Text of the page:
TECHNICAL maintenance manager for Paria Fuel Trading Company Ltd, Michael Wei, was on the receiving end of a fiery line of questioning on his company's response to the deaths of four divers from attorney Prakash Ramadhar on Thursday afternoon.
Ramadhar fired off question after question at Wei during the third part of the commission of enquiry into the deaths of divers Kazim Jeremiah Ali, Yusuf Henry, Fyzal Kurban and Rishi Nagassar.
The divers died while working on a pipeline at the Paria Fuel Trading Company in Pointe-a-Pierre on February 25.
They all worked for the Land and Marine Construction Services (LMCS) Company Ltd which was contracted by Paria to do maintenance work.
Wei began presenting oral evidence from 11 am and finished when the hearing was adjourned at around 6 pm.
During this time, Wei who was part of the Incident Management Team (IMT) when the divers were trapped, was interrogated by counsel for the CoE Ramesh Lawrence Maharaj, SC, chairman Jerome Lynch, KC, and the attorney representing LMCS, Kamini Persaud-Maraj.
Wei was questioned on the extent of his company's monitoring of contractors hired for certain tasks, the dangers divers would have faced while doing maintenance work and the sequence of events on that date.
Ramadhar, representing the families of Henry and Kurban in a lawsuit against Paria and LMCS, began an intense line of cross-examination of Wei from around 5.10 pm on what was done to try and rescue the divers trapped in the undersea pipeline.
Ramadhar asked why no divers were sent to rescue those trapped, despite sole diving survivor Christopher Boodram's information on the conditions in the pipeline, which suggested a safe rescue was possible.
Wei said while he was not on site, Paria's official Catherine Balkissoon was on site to provide updates on the situation. Ramadhar asked why Boodram's description of conditions in the pipe was not used to mount a rescue attempt.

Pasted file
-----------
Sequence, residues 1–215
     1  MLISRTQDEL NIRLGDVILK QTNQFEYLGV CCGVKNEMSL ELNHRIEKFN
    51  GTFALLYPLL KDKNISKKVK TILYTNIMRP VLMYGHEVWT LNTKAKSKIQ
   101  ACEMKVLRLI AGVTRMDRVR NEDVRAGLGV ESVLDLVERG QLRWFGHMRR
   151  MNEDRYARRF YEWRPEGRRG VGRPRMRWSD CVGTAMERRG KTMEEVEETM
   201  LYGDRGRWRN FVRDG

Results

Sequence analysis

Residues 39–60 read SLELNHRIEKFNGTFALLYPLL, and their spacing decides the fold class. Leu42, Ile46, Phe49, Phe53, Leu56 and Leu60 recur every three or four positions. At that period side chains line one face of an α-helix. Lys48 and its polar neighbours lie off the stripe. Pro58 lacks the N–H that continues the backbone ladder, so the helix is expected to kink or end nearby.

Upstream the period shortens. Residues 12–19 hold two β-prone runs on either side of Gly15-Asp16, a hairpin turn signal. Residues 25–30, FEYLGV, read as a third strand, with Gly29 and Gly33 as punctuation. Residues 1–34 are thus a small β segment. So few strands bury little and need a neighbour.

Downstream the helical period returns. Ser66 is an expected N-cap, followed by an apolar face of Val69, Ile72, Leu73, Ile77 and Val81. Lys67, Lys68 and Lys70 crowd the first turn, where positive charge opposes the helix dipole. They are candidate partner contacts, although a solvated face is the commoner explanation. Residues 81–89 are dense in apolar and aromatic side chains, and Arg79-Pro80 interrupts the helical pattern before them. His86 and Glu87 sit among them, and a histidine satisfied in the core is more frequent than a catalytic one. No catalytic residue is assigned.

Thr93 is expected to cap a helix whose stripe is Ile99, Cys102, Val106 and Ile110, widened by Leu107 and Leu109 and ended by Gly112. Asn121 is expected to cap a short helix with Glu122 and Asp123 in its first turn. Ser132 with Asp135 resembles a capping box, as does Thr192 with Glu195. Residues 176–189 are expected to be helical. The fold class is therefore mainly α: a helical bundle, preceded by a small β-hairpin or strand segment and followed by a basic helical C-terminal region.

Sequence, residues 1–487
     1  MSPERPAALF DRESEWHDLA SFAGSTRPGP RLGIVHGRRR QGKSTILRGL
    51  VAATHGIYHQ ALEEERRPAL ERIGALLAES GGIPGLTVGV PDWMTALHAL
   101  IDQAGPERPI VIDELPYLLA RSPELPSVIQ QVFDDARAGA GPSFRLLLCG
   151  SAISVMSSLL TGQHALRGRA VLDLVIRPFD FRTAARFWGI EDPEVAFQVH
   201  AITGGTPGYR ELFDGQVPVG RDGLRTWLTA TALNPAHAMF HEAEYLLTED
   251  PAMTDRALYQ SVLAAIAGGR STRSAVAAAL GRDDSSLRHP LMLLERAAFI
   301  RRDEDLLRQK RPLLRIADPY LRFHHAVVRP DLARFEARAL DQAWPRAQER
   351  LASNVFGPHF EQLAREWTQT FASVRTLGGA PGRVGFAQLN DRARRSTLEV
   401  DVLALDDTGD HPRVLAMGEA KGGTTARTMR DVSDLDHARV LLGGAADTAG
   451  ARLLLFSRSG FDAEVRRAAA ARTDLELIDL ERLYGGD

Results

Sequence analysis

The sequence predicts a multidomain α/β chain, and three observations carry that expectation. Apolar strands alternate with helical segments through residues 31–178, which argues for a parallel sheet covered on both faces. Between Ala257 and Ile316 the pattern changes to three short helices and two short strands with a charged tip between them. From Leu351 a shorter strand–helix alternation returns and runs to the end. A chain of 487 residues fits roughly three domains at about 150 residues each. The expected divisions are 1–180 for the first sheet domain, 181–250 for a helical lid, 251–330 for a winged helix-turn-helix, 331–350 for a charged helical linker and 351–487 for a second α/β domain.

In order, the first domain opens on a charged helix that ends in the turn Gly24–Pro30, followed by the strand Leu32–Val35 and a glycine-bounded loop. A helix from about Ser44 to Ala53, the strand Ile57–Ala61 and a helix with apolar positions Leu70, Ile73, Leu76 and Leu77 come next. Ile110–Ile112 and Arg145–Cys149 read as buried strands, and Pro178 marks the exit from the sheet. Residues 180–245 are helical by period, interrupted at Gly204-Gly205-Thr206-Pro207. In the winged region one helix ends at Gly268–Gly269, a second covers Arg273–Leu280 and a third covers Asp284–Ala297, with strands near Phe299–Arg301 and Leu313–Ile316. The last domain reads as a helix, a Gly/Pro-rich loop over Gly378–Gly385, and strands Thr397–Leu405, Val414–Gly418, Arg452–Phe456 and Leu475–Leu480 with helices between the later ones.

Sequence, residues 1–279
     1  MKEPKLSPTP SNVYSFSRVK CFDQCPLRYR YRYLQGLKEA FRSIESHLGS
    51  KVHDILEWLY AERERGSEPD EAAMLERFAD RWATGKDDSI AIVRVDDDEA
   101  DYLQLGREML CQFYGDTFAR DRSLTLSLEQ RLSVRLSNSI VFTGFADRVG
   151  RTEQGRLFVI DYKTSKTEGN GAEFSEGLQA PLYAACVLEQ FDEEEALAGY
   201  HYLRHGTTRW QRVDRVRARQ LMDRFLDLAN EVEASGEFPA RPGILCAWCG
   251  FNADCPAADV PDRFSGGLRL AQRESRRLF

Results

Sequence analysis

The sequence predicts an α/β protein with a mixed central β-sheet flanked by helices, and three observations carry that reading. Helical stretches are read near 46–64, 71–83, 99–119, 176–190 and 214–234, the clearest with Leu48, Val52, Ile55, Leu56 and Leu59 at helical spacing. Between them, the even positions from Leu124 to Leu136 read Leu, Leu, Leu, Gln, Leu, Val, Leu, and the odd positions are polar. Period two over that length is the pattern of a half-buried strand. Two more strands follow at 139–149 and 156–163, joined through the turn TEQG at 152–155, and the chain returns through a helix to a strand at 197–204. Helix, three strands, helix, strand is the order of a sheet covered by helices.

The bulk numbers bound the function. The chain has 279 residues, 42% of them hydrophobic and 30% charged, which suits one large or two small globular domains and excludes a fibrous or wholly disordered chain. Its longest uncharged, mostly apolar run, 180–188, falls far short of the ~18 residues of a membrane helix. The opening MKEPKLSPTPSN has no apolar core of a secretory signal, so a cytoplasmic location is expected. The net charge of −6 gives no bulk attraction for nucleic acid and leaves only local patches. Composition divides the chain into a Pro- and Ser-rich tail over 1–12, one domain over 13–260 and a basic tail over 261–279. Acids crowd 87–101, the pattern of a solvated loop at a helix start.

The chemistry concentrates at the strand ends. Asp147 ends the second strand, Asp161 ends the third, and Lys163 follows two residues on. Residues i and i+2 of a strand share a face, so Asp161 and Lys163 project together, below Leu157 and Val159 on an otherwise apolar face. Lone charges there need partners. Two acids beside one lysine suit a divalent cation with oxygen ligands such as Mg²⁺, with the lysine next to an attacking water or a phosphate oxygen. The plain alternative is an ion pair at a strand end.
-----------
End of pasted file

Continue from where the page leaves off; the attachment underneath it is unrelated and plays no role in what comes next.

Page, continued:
"That (Balkissoon) is your official! Did you make any effort to ascertain from her what the man who just came out, who is the best person to tell you the conditions in the pipe, what he actually said?
"Would it shock you to learn that he said, 'Go in,' words to the effect, 'Your father is right behind me' ? Would it shock you to learn that today?" Ramadhar asked.
"The country has heard it, he gave sworn testimony. We have evidence from others, so let me hear you now."
Wei insisted a rescue would have been too dangerous to which Ramadhar charged that Michael Kurban, the son of diver Fyzal Kurban, was willing and available to mount his own rescue attempt but was blocked by Coast Guard officials.
Wei also said he found out about Boodram's information weeks after the event, and said the men were believed to be dead on Sunday afternoon, two days after the accident happened.
He added that from Friday to Saturday, after the incident, efforts were made to find out conditions in the pipe and develop a rescue exercise.
"The efforts were to establish the safety inside the line, without putting other people's lives at risk.
"The principles of rescue are not to put other people's lives at risk, it would have been a whole different scenario had Michael (Kurban) gone in, you cannot send someone into the line with unsafe conditions and you end up with a different situation," Wei said.
Owing to the heated tone of the questions, enquiry chairman Lynch had cause to pause the interrogation and urge Ramadhar to be more measured in his questioning.
"We don't have a jury, it's just us two and I understand your enthusiasm on behalf of the families, but please try and contain yourself a little," Lynch advised Ramadhar.
As Ramadhar sat down after finishing his interrogation at around 5.45 pm, he rose in indignation and protest after Jason Mootoo – one of Paria's attorneys – remarked that he could not sustain the "drama" arising from Ramadhar's questioning.
"If it is you're going to go down that line about making me the issue here, I'm doing my job, sir, with all due respect, and I have clients that are paying me," an indignant Ramadhar told Mootoo.
Lynch cautioned Ramadhar, saying while he understood the importance of his contributions, it was also important to hear the questions from other interested parties.